How Long Will the Pandemic’s Impact Last on Children?


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Many worry that the impacts of COVID-19 will last for generations.

Mia Salisbury, Junior Chief Advocate

Everyone’s been affected in various ways by the global pandemic that hit us all in March 2020. Many have felt stressed, alone and scared for what the future may hold. 

A study covered in an article by The Seattle Times showed that “before the pandemic, about 30% of the youths had symptoms of anxiety or depression, and 17% had behavioral issues like aggression, said [Katie] McLaughlin, professor of psychology at Harvard. But by April 2020, and again in fall 2020, they found, both of those numbers jumped to above 56%.”

One in every two teenagers now experiences worsened mental health. Clearly our lives have all been altered, and numerous studies have been conducted on the subject, but what’s happening to the newest members of our society, our children? What’s going to happen to generations to come? Will we forever be influenced by this pandemic? 

Even if they were not infected with COVID, babies born after or during the outbreak scored poorer on fine motor and communication abilities than earlier generations. Morgan Stanley Children’s Hospital was concerned with the recent statistics and wanted to find out why the scores were declining. They found stress in pregnancy could possibly negatively affect unborn babies as well as children feeling alone in their first few months and years of life. 

A professional at Columbia University told Science that stress from soon to be mothers could play a part in the shift of scores.

“[There are] small shifts in average scores between the groups,” lead investigator Dani Dumitriu, a pediatric hospitalist at Columbia University, told Science in suggesting that parental stress may be a contributing factor. “But these small shifts warrant careful attention because at the population level, they can have a significant public health impact.”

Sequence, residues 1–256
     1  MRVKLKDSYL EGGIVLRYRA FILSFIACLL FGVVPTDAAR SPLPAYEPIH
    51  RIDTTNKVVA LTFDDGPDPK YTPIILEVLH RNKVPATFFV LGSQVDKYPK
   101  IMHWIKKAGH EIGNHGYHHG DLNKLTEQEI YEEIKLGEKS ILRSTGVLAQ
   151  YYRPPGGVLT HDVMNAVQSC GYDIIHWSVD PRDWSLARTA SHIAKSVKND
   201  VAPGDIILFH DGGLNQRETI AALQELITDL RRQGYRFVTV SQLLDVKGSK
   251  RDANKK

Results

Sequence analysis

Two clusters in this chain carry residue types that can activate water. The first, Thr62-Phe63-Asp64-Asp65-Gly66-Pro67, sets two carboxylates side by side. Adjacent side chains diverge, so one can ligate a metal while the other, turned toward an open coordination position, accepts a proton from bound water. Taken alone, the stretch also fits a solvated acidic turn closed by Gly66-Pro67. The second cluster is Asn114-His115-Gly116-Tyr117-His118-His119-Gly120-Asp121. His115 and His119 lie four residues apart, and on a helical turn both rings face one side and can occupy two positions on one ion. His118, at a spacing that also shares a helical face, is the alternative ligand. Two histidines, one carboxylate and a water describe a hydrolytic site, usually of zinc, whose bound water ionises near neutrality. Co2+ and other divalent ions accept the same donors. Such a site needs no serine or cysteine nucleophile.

We may be unknowingly contributing to the loss of exam scores as our stress levels rise as a result of COVID. As children all around the U.S. experience slow development, many parents, as well as professionals, are growing concerned. 

Katie Ferguson, mother of Cliff, her youngest son that was born six months into the pandemic, told NC Health News she has grown worried that her son’s vocabulary is “massively delayed” and while many other families enlist in speech therapy he has been put on a wait list. Cliff is anxious around people outside of his family, which has made Katie think she has “scarred” him for life by not taking him anywhere.

“We’ve kept him safe from a virus but now we’ve made him petrified of adults,” she said in the article.

As professionals, parents, teens and children all reflect on their mental health and education, it is clear our lives have all been changed. Our future is changing with us, our mental health is affecting kids, and kids will grow up to change the entire world; this matters and this is important now. Many people are worried about how loved ones are being affected, but scientists are still trying to figure out one resounding question: Will we forever be affected by the worldwide pandemic?